Praise the Lord, all you servants of the Lord
who minister by night in the house of the Lord.
Lift up your hands in the sanctuary
and praise the Lord. – Psalm 134
It is no secret that she is my shero. With puppy-like, sometimes covetous devotion I have followed her and wanted to be a version of her since we first met years ago.
She is a "minister [of the] night in the house of the Lord."
For so long I have read this Psalm as a concise justification for my preference for somewhat charismatic worship. See, I'd argue, this is just the scriptural condemnation of frozen chosen worship I've been seeking! "Lift up your hands in the sanctuary!"
Several hours with my shero last week taught me something quite different about Psalm 134. As I watched her systematically dismantle the moral justifications officials with a major role in the deportation of immigrants tendered to explain their actions, I learned even more from her fearless ministry.
At the end of the meeting, after the debrief and the planning, I returned to the safety of my home. She, however, returned to her sanctuary. And she went on to "minister by night." For her sanctuary serves as a refuge of last resort for people who cannot bring themselves to be deported. Her sanctuary, you see, is not just a place where people come to sing and debate where their arms should go when they sing. Her sanctuary serves "by night," too, as sanctuary becomes more than just a word or a space. Sanctuary, for the people of Judson Memorial Church in New York City and so many other places across this country, is an offering, a way of life.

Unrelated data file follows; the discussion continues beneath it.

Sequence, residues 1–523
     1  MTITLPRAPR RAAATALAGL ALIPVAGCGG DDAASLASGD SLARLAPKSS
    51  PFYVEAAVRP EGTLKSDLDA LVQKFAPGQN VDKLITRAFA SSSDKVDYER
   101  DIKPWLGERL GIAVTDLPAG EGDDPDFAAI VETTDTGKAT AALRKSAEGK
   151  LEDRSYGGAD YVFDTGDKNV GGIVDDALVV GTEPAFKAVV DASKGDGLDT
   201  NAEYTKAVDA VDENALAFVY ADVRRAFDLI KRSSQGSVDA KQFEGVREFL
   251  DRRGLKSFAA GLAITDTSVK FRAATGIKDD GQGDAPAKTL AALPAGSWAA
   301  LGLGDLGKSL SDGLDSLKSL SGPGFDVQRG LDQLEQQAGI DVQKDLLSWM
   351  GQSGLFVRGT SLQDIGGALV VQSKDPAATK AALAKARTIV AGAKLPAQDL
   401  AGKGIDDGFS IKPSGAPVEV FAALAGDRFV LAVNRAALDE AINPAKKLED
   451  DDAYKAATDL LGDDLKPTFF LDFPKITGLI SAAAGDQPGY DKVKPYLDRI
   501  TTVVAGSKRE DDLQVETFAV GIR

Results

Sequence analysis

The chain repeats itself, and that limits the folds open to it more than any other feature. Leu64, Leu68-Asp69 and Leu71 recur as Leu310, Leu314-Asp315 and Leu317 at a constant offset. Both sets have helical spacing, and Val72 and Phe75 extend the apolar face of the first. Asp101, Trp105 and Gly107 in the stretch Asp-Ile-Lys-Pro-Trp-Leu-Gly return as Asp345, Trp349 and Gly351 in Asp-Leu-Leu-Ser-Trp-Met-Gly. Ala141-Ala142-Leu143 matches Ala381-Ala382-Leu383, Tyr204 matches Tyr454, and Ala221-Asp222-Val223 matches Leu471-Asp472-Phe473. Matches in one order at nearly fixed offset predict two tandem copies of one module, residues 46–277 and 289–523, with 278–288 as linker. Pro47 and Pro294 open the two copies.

May we all find ways to make the hands we lift so useful.
O God, by the grace of your Holy Spirit, we lift our hands to be sanctuary by day and by night. Amen.
Kaji Douša is the Senior Pastor of The Park Avenue Christian Church, a congregation of the Christian Church (Disciples of Christ) and the United Church of Christ, in New York City./div>